On a policy level, we totally have to move toward an alternative to this type of capitalism that we’re in right now. Those people who are experimenting with the creative ventures of slowing down and simplifying will be part of this policy-making group. My theory of change is that as people like myself, yourself, and others who were maybe born on third base, begin to change, the culture changes, and then policy changes. 

Let me give you one policy that would be amazing to introduce: let’s have maternity leave, let’s have mandatory paid maternity leave. And we’re the only country in the industrialized world not to have mandatory paid vacation. Once we get these types of policies into place, it will help this idea [of living Slow] be more inclusive.

I do think all this will require a bigger cultural change than just, say, legislating a thirty hour work week. And I don’t think this will be something that will happen immediately. I guess we’re looking at, maybe, ten years from now. That’s my horizon. I ask myself what I can do right now to open up a big question about the whole way that we have our culture organized. 


I think Albuquerqueans, notorious foodies, will enjoy your chapter, The Slowest Food. At the end of it, you come to the conclusion that “food is nothing less than love.” Did you have any other food revelations during your year?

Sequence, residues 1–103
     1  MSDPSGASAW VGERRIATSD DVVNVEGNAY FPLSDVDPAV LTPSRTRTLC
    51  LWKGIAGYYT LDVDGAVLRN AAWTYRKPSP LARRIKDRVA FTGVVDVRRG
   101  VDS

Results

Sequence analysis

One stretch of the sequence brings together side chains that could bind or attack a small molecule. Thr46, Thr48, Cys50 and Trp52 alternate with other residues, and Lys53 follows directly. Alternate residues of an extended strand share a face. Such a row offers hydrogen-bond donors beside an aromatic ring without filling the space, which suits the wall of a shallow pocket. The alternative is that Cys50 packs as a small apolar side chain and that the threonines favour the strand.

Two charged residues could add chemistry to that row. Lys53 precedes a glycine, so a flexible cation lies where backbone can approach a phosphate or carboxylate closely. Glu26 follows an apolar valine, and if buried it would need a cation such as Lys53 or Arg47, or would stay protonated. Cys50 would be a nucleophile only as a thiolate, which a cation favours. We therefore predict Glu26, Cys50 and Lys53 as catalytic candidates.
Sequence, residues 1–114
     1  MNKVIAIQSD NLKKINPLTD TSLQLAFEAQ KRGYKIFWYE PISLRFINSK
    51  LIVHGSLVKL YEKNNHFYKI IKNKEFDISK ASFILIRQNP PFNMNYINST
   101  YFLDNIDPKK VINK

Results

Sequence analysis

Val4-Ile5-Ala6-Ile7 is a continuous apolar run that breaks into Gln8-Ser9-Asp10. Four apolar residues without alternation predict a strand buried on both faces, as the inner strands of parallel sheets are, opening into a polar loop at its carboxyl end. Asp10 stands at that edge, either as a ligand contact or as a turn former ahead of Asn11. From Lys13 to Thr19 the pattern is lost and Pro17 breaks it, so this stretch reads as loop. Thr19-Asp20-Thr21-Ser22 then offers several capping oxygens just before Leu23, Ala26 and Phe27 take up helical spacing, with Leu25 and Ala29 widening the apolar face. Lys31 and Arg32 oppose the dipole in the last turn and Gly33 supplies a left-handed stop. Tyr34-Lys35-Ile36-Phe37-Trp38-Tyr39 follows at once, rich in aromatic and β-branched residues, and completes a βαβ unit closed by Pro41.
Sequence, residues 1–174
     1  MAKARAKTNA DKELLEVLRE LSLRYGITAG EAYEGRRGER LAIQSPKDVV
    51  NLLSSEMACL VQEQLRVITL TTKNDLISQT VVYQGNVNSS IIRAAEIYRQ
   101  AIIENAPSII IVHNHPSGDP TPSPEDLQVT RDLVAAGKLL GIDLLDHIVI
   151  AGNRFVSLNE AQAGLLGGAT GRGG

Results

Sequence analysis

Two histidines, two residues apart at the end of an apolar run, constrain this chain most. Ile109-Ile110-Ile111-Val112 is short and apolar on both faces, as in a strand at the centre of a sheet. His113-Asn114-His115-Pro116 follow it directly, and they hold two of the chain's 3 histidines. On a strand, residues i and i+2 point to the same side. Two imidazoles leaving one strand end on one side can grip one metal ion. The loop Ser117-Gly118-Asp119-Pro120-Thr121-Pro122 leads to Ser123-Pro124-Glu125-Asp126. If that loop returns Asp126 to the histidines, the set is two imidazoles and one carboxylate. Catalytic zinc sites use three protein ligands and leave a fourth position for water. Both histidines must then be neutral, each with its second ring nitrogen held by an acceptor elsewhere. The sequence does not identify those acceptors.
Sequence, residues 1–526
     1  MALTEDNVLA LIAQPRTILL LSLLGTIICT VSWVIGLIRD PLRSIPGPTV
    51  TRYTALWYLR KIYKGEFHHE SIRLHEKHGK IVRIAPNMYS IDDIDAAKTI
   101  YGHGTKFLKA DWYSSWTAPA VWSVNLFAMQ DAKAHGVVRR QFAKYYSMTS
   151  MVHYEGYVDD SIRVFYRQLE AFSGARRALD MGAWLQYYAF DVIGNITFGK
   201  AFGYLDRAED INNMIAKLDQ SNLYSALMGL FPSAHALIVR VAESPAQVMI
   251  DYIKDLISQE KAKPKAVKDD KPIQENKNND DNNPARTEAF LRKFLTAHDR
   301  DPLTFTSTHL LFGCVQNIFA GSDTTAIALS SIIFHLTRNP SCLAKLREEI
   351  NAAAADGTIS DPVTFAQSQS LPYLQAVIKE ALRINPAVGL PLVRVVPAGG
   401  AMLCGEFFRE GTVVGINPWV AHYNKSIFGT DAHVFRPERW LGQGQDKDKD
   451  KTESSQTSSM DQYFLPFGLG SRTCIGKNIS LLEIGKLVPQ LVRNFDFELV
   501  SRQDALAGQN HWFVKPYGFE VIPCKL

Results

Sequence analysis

Just interacting with slow food people [was a revelation]. How do we slow the fork down? It’s about just enjoying every bite. That definitely became much more apparent to me. Whatever you’re eating, just enjoy it. 


I understand you feel a connection to New Mexico and the desert southwest, where your wife Melissa was born. Tell me a bit more about that?

I worked as a teacher at the Santa Fe Indian School in the early nineties. I lived for a total of three years in Santa Fe, and loved it. I worked on Stan Crawford’s [author of The Garlic Testament: Seasons on a Small New Mexico Farm] garlic farm up in Dixon for a summer. I learned a lot about organic garlic and writing from him. I have also always loved the writer Edward Abbey, who was at the University of New Mexico and spent a lot of time in New Mexico. And my wife’s family lives in Santa Fe still.


What is currently bringing you joy and fulfillment? 

The main thing is my new baby. What brings me the most fulfillment in general is living every moment fully. Not the ambition or consumption. I definitely get the most pleasure out of lingering for a few hours and reading poetry, or just hanging out with my daughters. It’s really the simplest things that bring me the greatest joy.